In this study, the expression of S1P5 receptor in Eca109 cells reduced the proliferation of Eca109 cells whether or not the medium contained S1P, indicating that the S1P5 receptor is constitutively active in the absence of stimulating ligand. Antiproliferative effect is an intrinsic ability of the S1P5 receptor that is insensitive to ligand stimulation. Analogously, S1P5-transfected CHO cells exhibit an intrinsic activity and inhibit serum-stimulated cell proliferation. S1P5 can negatively and constitutively regulate cellular proliferation by reducing ERK1/2 activity via protein-tyrosine phosphatase. Gα12/13 is a likely candidate G protein for the inhibitory effects of S1P5 on ERK activity. It has been shown that mutation- activated Gα12/13, but not Gαq, Gαs, or Gαi2, can inhibit EGF stimulation of ERK activity in COS-7 cells in a Ras- and Raf-independent manner. Down-regulation of S1P5 in esophageal cancer cells may weaken its antiproliferative effect.
In this study, overexpression of S1P5 receptor constitutively increased the migration of esophageal cancer cells to fibronectin in the absence of S1P, which was consistent with morphological alteration. However, addition of 10 and 100 nmol/L S1P significantly inhibited the constitutive migration of S1P5-transfected Eca109 cells. It has been shown that small GTPases of the Rho family, including Rac, Cdc42, and RhoA, are well-known regulators of cell migration[5,30]. Cell migration induced by S1P receptors (S1P1 and S1P3) involves Gαi/o-mediated activation of phosphatidylinositol 3-kinase (Pi3K) and Rac. S1P receptors (S1P2 and S1P5) mediate inhibition of cell migration by Gα12/13-evoked stimulation of Rho. It was reported that fibronectin binding to αvβ3 integrin can decrease Rho activity and stimulate cell motility and spreading, suggesting that enhanced Rho activity may reduce integrin-driven cell migration[7,31]. Our data support that S1P5 may constitutively induce cell migration due to Gαi/o-activated Rac and inhibit cell migration due to Gα12/13-stimulated Rho. In a microenvironment containing S1P interstitial fluid, esophageal cancer cells may escape the inhibitory effect of S1P-S1P5 on their migration by down-regulating the expression of S1P5. The putative signaling pathway of S1P5 is shown in Figure 5.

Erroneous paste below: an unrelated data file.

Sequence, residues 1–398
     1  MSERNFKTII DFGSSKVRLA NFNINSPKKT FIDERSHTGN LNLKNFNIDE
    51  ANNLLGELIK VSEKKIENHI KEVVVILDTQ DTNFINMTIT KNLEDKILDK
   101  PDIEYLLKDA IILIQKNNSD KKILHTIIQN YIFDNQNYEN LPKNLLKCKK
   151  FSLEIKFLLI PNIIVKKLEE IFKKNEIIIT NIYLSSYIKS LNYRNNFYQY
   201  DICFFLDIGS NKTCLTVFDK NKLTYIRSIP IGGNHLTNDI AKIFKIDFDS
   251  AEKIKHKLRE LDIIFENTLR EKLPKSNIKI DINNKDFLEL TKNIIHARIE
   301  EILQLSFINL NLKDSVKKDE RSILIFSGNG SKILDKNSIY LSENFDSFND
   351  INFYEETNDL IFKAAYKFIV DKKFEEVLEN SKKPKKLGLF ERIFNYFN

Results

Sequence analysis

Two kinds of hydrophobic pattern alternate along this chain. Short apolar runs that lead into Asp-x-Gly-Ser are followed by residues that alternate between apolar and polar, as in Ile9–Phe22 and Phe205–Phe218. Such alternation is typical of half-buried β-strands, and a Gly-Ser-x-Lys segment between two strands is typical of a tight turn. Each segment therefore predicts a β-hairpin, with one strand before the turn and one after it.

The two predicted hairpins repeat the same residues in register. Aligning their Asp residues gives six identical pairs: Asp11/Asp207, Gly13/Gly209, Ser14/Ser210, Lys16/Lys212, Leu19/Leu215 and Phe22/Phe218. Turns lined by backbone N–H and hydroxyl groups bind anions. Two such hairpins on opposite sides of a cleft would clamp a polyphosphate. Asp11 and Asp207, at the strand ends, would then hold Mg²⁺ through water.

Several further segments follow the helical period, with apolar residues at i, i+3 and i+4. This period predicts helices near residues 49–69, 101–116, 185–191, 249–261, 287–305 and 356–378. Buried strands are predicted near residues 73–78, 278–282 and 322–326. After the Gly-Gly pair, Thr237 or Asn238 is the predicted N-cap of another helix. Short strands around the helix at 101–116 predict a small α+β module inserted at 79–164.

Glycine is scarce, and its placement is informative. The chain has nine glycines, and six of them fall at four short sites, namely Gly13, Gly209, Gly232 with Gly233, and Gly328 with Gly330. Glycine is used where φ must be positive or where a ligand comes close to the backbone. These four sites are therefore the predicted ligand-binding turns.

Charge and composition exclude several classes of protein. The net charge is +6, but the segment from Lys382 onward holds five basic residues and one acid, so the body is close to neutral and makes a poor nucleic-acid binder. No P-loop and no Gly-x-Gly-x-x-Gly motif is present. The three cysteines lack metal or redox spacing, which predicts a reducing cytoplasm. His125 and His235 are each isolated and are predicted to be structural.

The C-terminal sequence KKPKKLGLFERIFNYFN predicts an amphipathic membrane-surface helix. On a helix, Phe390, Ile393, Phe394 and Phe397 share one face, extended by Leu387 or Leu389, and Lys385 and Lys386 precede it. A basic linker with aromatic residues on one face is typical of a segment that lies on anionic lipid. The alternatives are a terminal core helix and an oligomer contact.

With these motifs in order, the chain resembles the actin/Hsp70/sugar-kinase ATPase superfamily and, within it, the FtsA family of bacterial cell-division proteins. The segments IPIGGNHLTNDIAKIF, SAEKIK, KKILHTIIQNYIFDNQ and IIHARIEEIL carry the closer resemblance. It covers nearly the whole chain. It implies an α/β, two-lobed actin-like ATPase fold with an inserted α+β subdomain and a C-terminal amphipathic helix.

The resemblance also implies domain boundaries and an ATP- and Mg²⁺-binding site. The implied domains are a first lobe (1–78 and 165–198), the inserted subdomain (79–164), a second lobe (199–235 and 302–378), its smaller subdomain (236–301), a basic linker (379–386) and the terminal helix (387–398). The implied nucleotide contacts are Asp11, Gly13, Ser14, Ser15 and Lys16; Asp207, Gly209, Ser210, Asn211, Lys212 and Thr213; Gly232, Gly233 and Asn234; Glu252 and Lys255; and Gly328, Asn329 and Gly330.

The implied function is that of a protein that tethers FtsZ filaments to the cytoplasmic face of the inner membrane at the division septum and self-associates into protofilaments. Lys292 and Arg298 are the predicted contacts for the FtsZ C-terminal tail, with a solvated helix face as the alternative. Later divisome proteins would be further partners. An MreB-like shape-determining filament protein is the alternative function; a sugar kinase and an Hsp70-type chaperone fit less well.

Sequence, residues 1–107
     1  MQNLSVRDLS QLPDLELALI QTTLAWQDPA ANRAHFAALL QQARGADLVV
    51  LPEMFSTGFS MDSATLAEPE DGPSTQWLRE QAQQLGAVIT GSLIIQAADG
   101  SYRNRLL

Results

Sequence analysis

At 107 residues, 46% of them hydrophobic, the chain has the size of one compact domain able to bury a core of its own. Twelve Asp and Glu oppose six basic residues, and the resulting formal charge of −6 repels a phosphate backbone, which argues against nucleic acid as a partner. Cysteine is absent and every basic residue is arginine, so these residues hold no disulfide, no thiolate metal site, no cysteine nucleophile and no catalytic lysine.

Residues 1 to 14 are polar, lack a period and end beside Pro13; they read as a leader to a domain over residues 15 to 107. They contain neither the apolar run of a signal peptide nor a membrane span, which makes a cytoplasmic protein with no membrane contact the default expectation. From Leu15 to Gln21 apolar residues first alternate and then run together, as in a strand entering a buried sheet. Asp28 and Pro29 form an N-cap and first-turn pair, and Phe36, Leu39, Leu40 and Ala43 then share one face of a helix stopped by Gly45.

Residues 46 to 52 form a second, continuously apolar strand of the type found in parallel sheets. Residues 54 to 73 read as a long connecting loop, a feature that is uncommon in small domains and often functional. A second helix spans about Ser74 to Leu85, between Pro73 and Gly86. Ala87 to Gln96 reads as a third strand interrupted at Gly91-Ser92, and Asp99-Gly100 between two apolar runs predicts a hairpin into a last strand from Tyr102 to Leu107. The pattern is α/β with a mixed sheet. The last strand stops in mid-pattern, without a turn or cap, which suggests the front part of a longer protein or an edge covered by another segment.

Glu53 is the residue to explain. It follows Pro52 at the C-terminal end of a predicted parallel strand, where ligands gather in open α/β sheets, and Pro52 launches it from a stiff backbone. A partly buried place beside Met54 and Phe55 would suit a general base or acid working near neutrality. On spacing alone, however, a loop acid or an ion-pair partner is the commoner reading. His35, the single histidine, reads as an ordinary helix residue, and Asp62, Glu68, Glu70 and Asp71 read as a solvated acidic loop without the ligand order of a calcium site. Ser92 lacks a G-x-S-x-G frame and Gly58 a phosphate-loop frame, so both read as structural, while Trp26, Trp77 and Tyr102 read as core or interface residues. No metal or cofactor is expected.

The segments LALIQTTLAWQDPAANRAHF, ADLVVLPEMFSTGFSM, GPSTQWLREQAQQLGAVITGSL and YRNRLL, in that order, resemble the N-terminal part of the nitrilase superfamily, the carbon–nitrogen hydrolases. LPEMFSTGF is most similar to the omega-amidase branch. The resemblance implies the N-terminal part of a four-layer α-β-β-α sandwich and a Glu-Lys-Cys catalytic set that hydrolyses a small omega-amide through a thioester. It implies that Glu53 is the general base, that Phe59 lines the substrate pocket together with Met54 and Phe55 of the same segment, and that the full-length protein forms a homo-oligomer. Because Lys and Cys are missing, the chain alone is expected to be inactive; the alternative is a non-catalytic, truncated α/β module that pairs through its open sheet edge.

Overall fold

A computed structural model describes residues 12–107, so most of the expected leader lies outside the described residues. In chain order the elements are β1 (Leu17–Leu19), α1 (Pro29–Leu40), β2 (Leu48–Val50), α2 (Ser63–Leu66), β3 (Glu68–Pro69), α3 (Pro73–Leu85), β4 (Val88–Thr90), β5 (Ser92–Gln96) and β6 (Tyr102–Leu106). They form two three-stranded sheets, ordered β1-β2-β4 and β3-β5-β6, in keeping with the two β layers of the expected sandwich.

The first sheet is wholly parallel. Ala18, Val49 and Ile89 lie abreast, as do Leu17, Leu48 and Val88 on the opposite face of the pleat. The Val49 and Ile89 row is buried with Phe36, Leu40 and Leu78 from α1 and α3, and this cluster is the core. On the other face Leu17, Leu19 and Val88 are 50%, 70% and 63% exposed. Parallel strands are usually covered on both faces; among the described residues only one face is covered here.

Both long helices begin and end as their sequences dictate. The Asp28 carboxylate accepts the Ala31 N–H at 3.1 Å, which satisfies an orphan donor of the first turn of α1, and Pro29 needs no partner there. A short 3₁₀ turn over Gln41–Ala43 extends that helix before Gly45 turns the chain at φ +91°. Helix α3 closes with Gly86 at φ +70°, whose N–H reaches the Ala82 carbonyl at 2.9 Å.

Figure 5 Putative signaling pathway of S1P5.
In summary, S1P5 is a constitutively active receptor with the ability to intrinsically inhibit cell proliferation and induce cell migration. Cell migration can be inhibited by stimulating extracellular S1P. In normal esophageal mucosa cells, a high expression level of S1P5 may inhibit cell proliferation and migration while esophageal cancer cells may down-regulate the expression of S1P5 to promote cell proliferation and escape the inhibitory effect of S1P-S1P5 on cell migration. Our study is the first to show that the deficiency in inhibitory effect of S1P-S1P5 is of importance in the growth and metastasis of esophageal cancer cells. Further study is needed on the role of S1P and S1P5 receptor in esophageal cancer.
Esophageal cancer is one of the most common malignancies worldwide. Its mortality is very high due to relatively late diagnosis and inefficient treatment. The ability to reverse the outcome of esophageal cancer is limited due to a poor understanding of its biology. Progression of esophageal cancer may be associated with sphingosine 1-phosphate (S1P) and its receptors S1P1-5, which play an important role in other cancers.